Boris Johnson 'faces 12k fines for party breaches' as three more Tories call for him to go

2 February 2022, 10:13 | Updated: 3 February 2022, 07:56

Tobias Ellwood and Anthony Mangnall said they were submitting letters of no confidence
Tobias Ellwood and Anthony Mangnall said they were submitting letters of no confidence. Picture: Alamy

By Patrick Grafton-Green

Three more Conservative MPs have submitted letters of no confidence in the PM in the wake of Partygate, as it emerged Boris Johnson could potentially face over £12,000 in fines.

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Senior Tory Tobias Ellwood submitted a letter followed by MPs Anthony Mangnall and Gary Streeter.

A handful of Conservative MPs have revealed they have submitted letters, with at least 54 needing to write to Sir Graham Brady to set up a vote on the PM's future.

However, Culture Secretary Nadine Dorries insisted those calling for the Prime Minister to resign were just a few "egos [who] want to make it all about them" by "doing Labour's work".

"The defining mission of the PM and this government is to level up the whole of the UK," Ms Dorries said.

"On the very day we are setting out steps to make this happen, a handful of egos want to make it all about them.

"It's selfish, doing Labour's work and it’s really not helping their constituents."

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Mr Johnson is now believed to have been present for at least six of the gatherings being investigated by the Metropolitan Police.

Under Covid regulations, the fines issued for fixed penalty notices double which each subsequent one given.

The first fine could range from £60 to £200, according to human rights barrister Adam Wagner, depending on when it took place during the pandemic.

Mr Wagner calculated that, if that fine is assumed to be £100, then the following fines would be £200, £400, £800, £1,600 and £3,200 and £6,400.

This would result in the Prime Minister facing £12,300 in fines.

It comes as Mr Johnson said he would own up if he was fined, adding he did not "believe it would be a secret very long", but refused to say if he would quit.

In an interview with The Sun he denied swerving tough questions, insisting that he could not give "commentary" on the inquiry into parties "until the process concludes".

The Independent reported that the Lib Dems are today tabling a bill to force Mr Johnson to admit to any fines he receives.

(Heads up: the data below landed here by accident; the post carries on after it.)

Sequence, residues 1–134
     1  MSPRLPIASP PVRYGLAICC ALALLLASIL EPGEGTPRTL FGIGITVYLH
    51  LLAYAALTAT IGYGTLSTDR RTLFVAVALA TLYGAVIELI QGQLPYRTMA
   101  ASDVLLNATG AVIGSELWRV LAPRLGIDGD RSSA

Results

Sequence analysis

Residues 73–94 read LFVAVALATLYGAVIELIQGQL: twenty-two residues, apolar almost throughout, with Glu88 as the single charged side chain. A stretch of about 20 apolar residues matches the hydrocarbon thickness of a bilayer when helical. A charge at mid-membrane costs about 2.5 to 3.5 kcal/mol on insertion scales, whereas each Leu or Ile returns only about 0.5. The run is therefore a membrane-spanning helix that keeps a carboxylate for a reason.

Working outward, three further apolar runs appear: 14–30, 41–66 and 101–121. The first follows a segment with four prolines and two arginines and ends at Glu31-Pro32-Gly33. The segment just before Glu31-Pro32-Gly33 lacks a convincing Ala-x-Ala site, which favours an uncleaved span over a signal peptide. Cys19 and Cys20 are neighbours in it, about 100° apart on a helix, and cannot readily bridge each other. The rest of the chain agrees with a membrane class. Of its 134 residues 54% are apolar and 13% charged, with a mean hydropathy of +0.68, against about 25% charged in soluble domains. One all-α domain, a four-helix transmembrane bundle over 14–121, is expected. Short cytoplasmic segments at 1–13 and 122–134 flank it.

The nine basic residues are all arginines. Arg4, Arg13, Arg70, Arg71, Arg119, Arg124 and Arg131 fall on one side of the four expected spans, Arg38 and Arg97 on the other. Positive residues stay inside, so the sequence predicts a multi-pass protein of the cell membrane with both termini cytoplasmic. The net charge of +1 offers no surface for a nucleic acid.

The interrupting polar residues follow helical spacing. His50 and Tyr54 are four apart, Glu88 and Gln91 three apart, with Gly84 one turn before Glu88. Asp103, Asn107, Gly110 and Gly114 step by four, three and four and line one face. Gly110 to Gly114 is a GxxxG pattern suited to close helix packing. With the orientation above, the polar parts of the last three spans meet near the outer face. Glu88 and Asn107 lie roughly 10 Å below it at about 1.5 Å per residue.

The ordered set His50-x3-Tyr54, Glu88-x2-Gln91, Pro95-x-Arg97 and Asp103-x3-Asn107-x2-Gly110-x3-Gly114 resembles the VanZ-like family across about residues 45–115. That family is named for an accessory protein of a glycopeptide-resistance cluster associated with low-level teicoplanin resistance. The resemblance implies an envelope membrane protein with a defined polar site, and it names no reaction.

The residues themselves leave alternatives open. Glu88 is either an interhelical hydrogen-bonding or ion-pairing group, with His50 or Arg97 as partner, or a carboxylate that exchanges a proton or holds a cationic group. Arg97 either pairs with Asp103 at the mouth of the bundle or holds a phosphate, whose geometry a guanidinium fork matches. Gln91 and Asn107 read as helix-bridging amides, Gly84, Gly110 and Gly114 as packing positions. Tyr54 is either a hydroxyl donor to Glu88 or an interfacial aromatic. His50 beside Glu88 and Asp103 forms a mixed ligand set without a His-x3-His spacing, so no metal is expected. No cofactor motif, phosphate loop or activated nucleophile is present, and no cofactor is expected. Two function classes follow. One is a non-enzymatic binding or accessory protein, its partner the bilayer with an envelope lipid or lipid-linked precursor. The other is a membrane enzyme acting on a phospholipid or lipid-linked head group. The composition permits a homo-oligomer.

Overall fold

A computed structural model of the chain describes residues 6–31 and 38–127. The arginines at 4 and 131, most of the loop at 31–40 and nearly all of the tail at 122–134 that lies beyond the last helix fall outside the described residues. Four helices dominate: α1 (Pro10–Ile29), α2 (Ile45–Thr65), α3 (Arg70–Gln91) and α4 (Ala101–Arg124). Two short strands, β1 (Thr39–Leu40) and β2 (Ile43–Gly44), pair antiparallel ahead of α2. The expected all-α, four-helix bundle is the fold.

The Ministerial Disclosure Bill being tabled by Alistair Carmichael would force by law any government minister issued with a fixed penalty notice to make it public.

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Mr Elwood revealed on Wednesday morning that Mr Johnson had lost his support and confirmed he would be submitting a letter to the 1922 Committee.

He is one of several Conservative backbenchers who have lost patience in the PM following this week's partial publication of Sue Gray's report.

He said it was "horrible" for MPs to have to "continuously... defend this to the British public".

The former minister and MP for Bournemouth East mentioned Mr Johnson's decision to accuse Labour leader Sir Keir Starmer of failing to prosecute Jimmy Savile.

The PM made the claim while responding to questions on Ms Gray's report in the House of Commons, despite no evidence to support it.

Since then it has been widely criticised, including by victims of Savile.

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Mr Ellwood said: "I mean who advised the Prime Minister to say this? We're better than this, we must seek to improve our standards and rise above where we are today."

He said it was time for Mr Johnson to "take a grip of this" and called for the PM himself to call a vote of confidence rather than waiting for the 54 letter threshold to be reached.

"It's time to resolve this completely so the party can get back to governing," he said.

Mr Ellwood's intervention came after the Daily Telegraph reported that Mr Johnson was seen heading up to his Downing Street flat on the night it hosted a gathering being investigated by the Met.

Meanwhile, new reports revealed that he spoke at two more leaving dos at the centre of inquiries.

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Mr Magnall tweeted: "Standards in public life matter.

"At this time I can no longer support the PM. His actions and mistruths are overshadowing the extraordinary work of so many excellent ministers and colleagues."

Mr Streeter said in a Facebook post: "I cannot reconcile the pain and sacrifice of the vast majority of the British public during lockdown with the attitude and activities of those working in Downing Street."

He added he had not taken his decision to send a letter "lightly".

Conservative MPs Sir Charles Walker, 54, who was elected in 2005 and is a former acting chairman of the 1922 Committee, and Peter Aldous also called for Johnson's resignation on Tuesday.

At least five more MPs, including members of the Government, are considering submitting letters, according to The Times.

Senior official Ms Gray said she had found "failures of leadership and judgment" as gatherings were held while England was under coronavirus restrictions in 2020 and 2021. 

She revealed in her report that of the 16 alleged gatherings she had deemed necessary to investigate, at least 12 linked to government properties in Downing Street and Whitehall were being investigated by the police. 

She was unable to publish her full findings because of the Met inquiry.